ApacheCon EU 2008 – Amsterdam

March 20, 2008

ApacheCon

Apache goes back to A’dam!

It’s fun-time again for the open source addicts: the Apache folks are back in the Netherlands (hotel Movenpick in Amsterdam) as last year.

Find schedule and all other details at the ApacheCon site.

I definitely recommend going: I attended last year and it was great. Lots of interesting sessions about state-of-the-art technology such as Axis2, Lucene, RESTful services, Web2.0, blogger API, Apache XAP, etc.. and many more.

I especially enjoyed the “Comparing Jave Web Frameworks” session, an enlightening overview of the most popular Java frameworks (Struts2, SpringMVC, JSF, Tapestry, Wicket,..). Excellent speaker (Matt Raible) who shared some priceless thoughts based his on experience.

Check my Resources page for some ApacheCon EU 2007 material.

Tips for ApacheCon-goers

Not to be missed in the DAM:

  • Brouwerij ‘t IJ (Funenkade 7): the amazing brewery in the windmill. Excellent beer (Zatte), unique atmosphere.
  • Pata Negra II ( Reinwardtstraat 1): best Spanish restaurant in town.. con tapas de puta madre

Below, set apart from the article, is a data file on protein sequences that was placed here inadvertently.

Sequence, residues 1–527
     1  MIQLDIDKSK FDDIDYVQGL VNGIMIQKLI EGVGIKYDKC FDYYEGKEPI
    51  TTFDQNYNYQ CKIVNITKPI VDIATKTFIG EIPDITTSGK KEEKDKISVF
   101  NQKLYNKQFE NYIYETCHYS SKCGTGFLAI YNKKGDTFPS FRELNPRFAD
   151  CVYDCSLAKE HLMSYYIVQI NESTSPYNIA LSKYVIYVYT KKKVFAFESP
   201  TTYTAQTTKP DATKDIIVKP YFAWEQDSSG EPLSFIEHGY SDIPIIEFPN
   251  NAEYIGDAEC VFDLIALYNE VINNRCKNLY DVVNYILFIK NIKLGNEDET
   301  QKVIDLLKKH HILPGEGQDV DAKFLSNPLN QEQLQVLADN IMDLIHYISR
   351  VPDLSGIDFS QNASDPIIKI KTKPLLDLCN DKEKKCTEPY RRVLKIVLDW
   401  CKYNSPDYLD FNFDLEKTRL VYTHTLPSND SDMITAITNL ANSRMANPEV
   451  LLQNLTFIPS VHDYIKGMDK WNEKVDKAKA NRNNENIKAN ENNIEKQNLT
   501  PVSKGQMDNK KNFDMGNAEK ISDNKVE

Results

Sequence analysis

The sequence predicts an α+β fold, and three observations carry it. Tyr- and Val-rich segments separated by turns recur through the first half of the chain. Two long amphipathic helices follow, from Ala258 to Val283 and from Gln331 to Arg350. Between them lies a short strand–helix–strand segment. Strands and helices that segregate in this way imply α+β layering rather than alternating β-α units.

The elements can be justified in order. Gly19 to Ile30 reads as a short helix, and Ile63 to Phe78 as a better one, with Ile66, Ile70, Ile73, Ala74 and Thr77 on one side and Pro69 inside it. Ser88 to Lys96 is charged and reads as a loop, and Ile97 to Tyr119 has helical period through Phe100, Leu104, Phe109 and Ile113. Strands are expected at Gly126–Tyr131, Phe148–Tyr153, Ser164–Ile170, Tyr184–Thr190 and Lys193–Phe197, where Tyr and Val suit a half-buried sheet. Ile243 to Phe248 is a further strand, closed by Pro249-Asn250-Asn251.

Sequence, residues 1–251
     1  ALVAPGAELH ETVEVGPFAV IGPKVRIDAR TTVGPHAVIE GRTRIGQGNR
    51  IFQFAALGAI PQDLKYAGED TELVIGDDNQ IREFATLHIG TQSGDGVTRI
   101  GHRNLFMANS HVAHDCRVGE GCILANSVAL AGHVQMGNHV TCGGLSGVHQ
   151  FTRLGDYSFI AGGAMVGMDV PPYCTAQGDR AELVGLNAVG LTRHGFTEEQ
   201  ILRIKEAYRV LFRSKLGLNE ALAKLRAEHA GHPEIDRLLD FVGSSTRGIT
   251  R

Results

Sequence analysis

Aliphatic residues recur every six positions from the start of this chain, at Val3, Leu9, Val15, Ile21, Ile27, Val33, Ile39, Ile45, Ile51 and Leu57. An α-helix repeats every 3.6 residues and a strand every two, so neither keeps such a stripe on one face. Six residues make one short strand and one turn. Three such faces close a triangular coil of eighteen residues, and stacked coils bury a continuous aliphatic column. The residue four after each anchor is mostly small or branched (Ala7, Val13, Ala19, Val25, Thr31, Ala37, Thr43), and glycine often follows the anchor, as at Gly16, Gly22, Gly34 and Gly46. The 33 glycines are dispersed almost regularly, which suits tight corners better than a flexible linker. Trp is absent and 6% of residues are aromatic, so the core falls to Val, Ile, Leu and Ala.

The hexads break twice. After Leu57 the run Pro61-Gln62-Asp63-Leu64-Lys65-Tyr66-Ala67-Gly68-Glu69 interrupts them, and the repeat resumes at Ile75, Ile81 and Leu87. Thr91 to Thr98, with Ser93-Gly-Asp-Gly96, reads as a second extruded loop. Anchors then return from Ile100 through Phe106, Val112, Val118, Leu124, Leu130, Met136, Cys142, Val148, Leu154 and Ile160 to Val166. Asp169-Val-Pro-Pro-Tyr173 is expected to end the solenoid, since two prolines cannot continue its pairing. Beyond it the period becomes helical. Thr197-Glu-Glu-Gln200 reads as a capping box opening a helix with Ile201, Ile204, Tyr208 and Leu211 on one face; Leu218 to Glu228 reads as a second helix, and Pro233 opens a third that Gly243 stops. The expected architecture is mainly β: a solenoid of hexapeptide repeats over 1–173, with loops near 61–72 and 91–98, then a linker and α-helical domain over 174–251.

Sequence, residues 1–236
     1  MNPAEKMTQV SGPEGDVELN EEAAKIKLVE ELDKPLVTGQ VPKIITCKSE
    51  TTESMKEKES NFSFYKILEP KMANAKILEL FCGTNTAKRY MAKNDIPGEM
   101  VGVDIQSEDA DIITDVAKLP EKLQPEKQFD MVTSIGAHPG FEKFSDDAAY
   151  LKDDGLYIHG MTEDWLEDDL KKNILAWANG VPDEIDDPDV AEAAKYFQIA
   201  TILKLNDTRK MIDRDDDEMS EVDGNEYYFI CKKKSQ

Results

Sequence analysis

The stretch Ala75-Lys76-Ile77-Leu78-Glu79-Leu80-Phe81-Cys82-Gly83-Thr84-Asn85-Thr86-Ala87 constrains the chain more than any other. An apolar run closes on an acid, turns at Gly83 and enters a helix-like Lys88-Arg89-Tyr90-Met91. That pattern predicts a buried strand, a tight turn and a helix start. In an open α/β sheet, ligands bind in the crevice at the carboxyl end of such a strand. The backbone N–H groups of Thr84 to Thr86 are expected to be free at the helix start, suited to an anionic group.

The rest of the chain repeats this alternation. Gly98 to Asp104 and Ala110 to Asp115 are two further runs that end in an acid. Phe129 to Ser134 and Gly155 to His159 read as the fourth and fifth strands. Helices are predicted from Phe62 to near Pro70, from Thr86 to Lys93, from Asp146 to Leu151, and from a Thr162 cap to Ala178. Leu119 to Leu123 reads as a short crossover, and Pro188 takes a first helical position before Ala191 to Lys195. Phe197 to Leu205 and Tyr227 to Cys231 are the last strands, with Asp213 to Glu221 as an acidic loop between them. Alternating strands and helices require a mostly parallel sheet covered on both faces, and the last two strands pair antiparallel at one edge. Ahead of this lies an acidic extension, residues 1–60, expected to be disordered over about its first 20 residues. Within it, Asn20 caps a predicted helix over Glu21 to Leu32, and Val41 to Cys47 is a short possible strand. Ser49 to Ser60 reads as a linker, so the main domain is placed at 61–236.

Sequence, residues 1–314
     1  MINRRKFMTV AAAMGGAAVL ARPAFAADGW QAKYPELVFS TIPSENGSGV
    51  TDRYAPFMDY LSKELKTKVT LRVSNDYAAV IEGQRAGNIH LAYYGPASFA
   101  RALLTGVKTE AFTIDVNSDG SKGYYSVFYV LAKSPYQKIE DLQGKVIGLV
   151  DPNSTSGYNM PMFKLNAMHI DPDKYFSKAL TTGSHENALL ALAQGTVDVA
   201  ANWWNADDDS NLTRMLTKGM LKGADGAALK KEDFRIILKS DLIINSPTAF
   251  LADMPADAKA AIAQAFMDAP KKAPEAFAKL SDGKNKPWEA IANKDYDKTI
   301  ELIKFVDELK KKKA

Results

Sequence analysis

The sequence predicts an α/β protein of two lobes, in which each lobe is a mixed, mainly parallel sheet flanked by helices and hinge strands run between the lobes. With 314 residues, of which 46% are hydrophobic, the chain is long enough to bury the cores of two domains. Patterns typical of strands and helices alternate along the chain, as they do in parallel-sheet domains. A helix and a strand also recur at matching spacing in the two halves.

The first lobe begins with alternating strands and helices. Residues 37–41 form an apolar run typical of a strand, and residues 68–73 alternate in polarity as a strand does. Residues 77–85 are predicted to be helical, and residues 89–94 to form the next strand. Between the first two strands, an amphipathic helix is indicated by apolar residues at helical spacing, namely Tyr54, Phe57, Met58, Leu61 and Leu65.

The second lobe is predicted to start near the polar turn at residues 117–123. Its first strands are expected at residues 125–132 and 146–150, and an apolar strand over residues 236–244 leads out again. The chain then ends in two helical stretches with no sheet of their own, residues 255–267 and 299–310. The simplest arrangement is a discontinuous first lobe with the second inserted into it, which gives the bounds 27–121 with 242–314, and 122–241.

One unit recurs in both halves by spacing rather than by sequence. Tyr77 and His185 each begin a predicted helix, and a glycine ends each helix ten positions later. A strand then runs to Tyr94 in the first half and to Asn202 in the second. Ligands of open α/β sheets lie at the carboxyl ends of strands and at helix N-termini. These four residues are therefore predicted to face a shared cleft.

• Bimhuis (http://www.bimhuis.nl/): Jazz music every night, next to the Movenpick
  • Rent a bike: Amsterdam is a different world on 2 wheels
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Enabling SSL on JBoss 4.2.0

March 17, 2008

One of the prerequisites in order to install and configure CAS (Central Authentication Service), a popular open-source Single Sign-On, is to enable SSL on the web container. This can actually be quite painful, especially for developers who enjoy focusing on the implementation details rather than the infrastructure aspects (that would be me 😉 ).

In this post I present the steps required to enable the SSL support in JBoss 4.2.0: JSSE is required (bundled with JDK 1.4 or higher).

Little tip: when prompted use changeit as password as it is the default keystore password.

Delete existing certificates

This is step is not strictly required but it helps to get rid of previously created certificates (in case you have been playing around with the keystore). Run the following commands:

keytool -delete -alias localhost
keytool -delete -alias localhost -keystore “C:/Program Files/Java/jdk1.5.0_14/jre/lib/security/cacerts”

The first command removes the certificate with alias localhost from the user keystore, the second deletes the certificate from the system trusted certification repository.

The cacerts file is basically the system keystore which stores the CA (Certification Authority) certificates and can be found at ${java.home}/jre/lib/security/cacerts

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